AMS Tutorial on Modeling:
An Introduction to Numerical and Statistical Modeling


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Sunday, January 4, 2009
9:00 a.m. to 4:30 p.m.
Washington Room 3, Marriott Wardman Hotel

Introduction and Description

This tutorial will be an introduction to both numerical and statistical modeling for those who are not currently studying computational science. It is especially designed for individuals who are considering non-academic employment.

The tutorial will be divided into two sessions. During the morning session, Professor Chi-Wang Shu of the Division of Applied Mathematics, Brown University, will present an introduction to numerical modeling. In the afternoon, Professor Wei Zhu, Department of Applied Mathematics and Statistics, State University of New York at Stony Brook, will give an introduction to statistical modeling.

Introduction to Numerical Modeling

January 4, 2009
9:00 a.m. to 12:00 noon

Professor Chi-Wang Shu
Division of Applied Mathematics
Brown University

In today's job market, Ph.D. students in mathematics might improve their chances of getting employments if they consider jobs outside the traditional academic job market. Students who have expertise in numerical modeling are marketable to many different types of non-academic employers, including government research labs, research labs of large companies (such as the oil companies), and various computer software companies (such as those who write software for medical science and health industry or for financial markets). Even for students whose major expertise is not in numerical modeling, some knowledge of numerical modeling should enhance the chance to obtain employment from many non-academic employers.

This 3-hour tutorial is intended for graduate students who are not working in areas related to computational science (numerical analysis, scientific computing, computational engineering, etc.), but would be interested in an introduction to some fundamental ideas for entry level numerical modeling.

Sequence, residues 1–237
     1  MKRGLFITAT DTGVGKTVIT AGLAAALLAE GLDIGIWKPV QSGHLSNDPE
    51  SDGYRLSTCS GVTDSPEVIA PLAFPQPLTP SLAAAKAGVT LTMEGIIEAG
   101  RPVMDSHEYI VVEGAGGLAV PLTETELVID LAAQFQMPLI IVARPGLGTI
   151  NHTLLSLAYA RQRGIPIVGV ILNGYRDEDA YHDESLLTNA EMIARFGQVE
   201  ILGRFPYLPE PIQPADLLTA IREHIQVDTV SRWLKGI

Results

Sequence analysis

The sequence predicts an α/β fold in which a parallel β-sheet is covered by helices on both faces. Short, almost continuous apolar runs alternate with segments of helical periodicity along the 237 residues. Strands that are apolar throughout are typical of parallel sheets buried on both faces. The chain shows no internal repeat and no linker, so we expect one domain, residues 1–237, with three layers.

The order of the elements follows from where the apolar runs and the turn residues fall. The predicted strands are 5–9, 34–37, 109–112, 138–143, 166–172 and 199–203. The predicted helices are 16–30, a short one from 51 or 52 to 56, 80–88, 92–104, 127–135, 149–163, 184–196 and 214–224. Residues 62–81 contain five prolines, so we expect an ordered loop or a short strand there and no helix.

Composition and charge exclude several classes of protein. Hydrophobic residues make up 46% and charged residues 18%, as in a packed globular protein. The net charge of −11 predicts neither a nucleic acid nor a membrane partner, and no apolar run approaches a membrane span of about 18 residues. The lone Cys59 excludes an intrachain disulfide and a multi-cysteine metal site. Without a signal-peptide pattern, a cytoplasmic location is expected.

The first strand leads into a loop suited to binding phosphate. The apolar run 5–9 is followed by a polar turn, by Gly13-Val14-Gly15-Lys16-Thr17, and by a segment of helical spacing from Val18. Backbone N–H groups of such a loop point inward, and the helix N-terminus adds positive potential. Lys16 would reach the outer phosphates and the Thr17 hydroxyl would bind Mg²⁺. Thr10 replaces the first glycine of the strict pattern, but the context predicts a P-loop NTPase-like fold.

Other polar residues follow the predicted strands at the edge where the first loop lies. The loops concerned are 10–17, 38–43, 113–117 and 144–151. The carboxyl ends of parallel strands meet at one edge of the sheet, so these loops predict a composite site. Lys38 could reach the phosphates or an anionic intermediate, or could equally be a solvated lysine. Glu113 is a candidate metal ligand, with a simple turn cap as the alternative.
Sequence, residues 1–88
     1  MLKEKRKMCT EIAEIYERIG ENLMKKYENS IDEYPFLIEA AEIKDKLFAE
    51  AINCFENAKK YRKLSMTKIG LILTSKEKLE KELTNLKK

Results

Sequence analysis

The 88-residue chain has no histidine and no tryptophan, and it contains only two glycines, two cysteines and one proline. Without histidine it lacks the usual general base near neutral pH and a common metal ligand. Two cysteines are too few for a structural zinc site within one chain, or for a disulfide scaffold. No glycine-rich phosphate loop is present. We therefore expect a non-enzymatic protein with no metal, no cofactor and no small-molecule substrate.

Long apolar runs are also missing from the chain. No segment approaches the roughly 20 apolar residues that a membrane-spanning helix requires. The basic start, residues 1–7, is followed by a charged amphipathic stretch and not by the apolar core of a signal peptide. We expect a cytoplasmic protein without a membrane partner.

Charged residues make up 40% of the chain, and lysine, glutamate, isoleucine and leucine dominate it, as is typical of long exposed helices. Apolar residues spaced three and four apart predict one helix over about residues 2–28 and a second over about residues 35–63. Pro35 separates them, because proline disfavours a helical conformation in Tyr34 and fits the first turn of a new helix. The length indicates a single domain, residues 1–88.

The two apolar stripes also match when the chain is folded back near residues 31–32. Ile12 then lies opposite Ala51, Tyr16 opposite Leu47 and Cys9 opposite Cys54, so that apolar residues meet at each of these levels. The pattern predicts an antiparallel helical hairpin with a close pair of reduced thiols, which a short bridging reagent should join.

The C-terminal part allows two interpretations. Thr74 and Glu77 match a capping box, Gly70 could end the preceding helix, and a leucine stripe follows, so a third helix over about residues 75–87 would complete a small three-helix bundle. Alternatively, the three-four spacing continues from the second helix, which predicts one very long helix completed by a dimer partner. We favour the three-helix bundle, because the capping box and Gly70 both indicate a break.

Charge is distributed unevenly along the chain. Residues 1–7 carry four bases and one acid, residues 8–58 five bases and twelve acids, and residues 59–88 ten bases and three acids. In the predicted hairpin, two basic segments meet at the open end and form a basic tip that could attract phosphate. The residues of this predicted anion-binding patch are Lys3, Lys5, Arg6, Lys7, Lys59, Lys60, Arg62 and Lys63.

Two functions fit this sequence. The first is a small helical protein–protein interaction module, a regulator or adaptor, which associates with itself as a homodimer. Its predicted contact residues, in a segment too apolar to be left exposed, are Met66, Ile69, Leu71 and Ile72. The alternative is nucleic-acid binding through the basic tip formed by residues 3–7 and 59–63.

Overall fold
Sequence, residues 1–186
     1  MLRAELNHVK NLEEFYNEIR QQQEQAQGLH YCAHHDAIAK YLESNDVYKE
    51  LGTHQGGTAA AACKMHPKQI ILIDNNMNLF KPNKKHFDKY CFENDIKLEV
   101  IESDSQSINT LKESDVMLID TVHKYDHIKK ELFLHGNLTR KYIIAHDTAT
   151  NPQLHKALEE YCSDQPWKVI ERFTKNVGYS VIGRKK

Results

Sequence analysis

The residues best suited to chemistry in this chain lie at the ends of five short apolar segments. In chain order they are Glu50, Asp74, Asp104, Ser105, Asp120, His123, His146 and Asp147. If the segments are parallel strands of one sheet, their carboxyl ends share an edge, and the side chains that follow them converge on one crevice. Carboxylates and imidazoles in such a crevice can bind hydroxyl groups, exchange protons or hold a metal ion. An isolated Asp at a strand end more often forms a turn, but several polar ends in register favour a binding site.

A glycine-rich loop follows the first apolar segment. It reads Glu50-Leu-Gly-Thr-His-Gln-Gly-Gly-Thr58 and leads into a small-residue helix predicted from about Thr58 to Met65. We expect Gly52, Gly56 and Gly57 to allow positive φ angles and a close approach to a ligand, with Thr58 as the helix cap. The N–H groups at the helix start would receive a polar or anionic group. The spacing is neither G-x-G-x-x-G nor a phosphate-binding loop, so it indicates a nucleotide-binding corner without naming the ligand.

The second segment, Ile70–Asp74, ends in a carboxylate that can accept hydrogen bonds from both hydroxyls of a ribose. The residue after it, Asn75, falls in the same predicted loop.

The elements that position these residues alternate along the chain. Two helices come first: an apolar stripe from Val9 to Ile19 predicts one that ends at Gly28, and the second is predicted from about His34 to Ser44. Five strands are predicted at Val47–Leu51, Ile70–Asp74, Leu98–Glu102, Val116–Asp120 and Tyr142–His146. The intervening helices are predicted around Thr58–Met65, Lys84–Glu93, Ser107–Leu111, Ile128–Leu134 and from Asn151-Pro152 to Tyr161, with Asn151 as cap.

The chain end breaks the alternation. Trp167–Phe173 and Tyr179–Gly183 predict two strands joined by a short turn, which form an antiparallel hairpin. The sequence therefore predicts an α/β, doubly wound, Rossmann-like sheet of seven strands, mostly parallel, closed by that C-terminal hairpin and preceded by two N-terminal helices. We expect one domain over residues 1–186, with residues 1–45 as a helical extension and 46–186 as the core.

The tutorial will start with a general description of numerical modeling, and will explain the difference between a student in a mathematics department majoring in computational science and a student in computer science. While programming (in C or another language) is a necessary skill for any student in numerical modeling, it is the mathematical insight which allows mathematicians to design and improve algorithms that are stable, accurate and efficient for various applications.

The tutorial will then move to the description of a few selected topics in numerical modeling, including the solutions of large linear systems, the approximations of ordinary differential equations, and finite difference, finite element, and spectral methods for approximating partial differential equations. While it is impossible to give an in-depth coverage of so many topics within three hours, we will emphasize the fundamental concepts such as stability, accuracy and efficiency for these algorithms.

The tutorial will end with a list of references which will allow interested audience to follow up to gain more in-depth knowledge of the exciting area of numerical modeling.

The lecturer, Professor Chi-Wang Shu, has trained over twenty Ph.D.s at Brown University who are now employed both by academic and by non-academic employers. His research expertise is in scientific computing. In 2007 he was awarded the SIAM/ACM Prize in Computational Science and Engineering jointly by the Society for Industrial and Applied Mathematics, the major society for applied and computational mathematicians, and by the Association for Computing Machinery, the major association for computer scientists.